Invalidate();
      }


If you enter "0.0" in the text box and hit Apply, the output looks like Figure 3.21, and if you enter the value "1.0" in the text box and hit Apply the output looks like Figure 3.22.

You can also add an offset and specify a number of segments for the curve:


public
void DrawCurve(Pen pen, PointF[] points, int offset, int numberOfSegments};

The offset specifies the number of elements to skip in the array of points. The first element after the skipped elements in the array of points becomes the starting point of the curve.

3.21.gif

FIGURE 3.21: Drawing a curve with a tension of 0.0F

3.22.gif

FIGURE 3.22: Drawing a curve with a tension of 1.0F

The numberOfSegments property specifies the number of segments after the starting point, to draw in the curve. It must be at least 1. The offset plus the number of segments must be less then the number of elements in the array of the points.

The following methods skips the first element of the array of points and starts drawing a curve from the second point in the array, stopping after three segments:


int
offset = 1;
int
segments = 3;

e.Graphics.DrawCurve (bluePen, ptsArray, offset, segments);


The final version of DrawCurve takes a pen, point array, offset, number of segments, and tension:


public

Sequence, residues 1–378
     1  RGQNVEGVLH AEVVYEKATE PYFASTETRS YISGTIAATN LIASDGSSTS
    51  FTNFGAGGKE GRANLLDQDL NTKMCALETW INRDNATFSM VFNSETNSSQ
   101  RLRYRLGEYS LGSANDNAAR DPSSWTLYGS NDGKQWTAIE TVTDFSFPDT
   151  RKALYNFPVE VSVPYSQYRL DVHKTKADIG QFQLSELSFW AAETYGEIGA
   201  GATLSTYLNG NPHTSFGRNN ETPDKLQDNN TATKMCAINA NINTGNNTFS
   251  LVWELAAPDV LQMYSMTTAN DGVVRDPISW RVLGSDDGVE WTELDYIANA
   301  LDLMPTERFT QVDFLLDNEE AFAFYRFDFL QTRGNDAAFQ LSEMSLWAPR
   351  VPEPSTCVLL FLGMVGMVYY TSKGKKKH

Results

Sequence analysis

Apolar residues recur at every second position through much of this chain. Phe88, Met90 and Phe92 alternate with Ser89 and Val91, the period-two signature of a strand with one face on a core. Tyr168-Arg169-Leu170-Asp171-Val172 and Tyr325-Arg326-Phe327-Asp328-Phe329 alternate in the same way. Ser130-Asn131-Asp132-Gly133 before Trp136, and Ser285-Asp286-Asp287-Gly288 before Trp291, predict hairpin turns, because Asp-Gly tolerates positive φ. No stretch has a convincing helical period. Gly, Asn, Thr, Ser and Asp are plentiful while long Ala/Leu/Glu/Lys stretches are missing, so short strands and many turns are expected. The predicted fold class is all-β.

void DrawCurve(
            Pen pen,
            Point [] points,
            int offset,
            int numberOfSegments,
            float tension
      );


Here's an example:


int
offset =1;
int
segments = 3;
e.Graphics.DrawCurve (bluePen, ptsArray, offset, segments, tension);


Drawing Closed Curves

As stated earlier, a closed curve is a curve whose starting and ending points are the same. The Graphics class provides the DrawCloseCurve method to draw closed curves. It has the following overloaded forms:


public
void DrawClosedCurve (Pen, Point[]);
public
void DrawClosedCurve (Pen, PointF[]);
public
void DrawClosedCurve (Pen, Point[], float, FillMode);
public
void DrawClosedCurve (Pen, Point[]F, float, FillMode);

The simplest form of DrawClosedCurve takes two parameters: a pen and an array of points. Listing 3.16 creates an array of points and a pen and calls the DrawClosedCurve method.

LISTING 3.16: Drawing closed curves


private
void Form1_Paint (object sender,
      System.Windows.Forms.PaintEventArgs e)
{

            // Create a pen
            Pen bluePen = new Pen (Color.Blue, 1);

            // Create an array of points
            PointF pt1 = new PointF(40.0F, 50.0F);